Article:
And you would work through the same process to determine how many sales you would need, how much client availability are you going to have for the next year? How many clients are you going to take on? If you take on that many clients, how much will those deposits for each? Okay. And then if you reach that amount with deposits, what is the 10,000 minus that?
What do you still need to make up? Okay. If you do a few smaller promos, so on and so forth, that’s how you work your way through making sure that you have marketing goals. That are aligned with the goals that you have for the year in business. So once you to have your plan for what kind of promos and events and how much you need to sell, then you’ve got to figure out how to market it.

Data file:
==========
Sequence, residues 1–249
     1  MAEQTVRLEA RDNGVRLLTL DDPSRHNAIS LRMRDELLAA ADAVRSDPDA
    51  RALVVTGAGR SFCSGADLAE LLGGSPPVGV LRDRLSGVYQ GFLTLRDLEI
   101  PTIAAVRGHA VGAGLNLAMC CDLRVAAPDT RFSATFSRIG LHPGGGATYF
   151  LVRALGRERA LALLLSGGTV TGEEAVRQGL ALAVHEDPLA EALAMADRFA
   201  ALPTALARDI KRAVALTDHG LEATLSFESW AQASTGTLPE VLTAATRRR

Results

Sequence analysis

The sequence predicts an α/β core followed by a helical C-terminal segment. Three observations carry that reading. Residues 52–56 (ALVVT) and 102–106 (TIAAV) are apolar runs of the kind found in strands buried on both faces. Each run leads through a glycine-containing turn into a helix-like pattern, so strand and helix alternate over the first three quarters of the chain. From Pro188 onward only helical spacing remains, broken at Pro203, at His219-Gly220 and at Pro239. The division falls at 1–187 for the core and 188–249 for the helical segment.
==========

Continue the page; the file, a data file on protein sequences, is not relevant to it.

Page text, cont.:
So step five is determining your marketing plan and your behind the scenes plan based on what you just is determined. So what that means, you determine your marketing plan. Okay. If you’re going to have one big launch, obviously you’ve got to focus on that topic. That’s going to be your big marketing pillar.
Is that one topic for that launch for that course, then maybe for the next quarter, your big marketing pillar is going to be whatever the topic is around your one-to-one stuff. You align your marketing pillars with the goals and the data and the plans that you just set. Okay. That’s how you determine what you’re talking about in your marketing.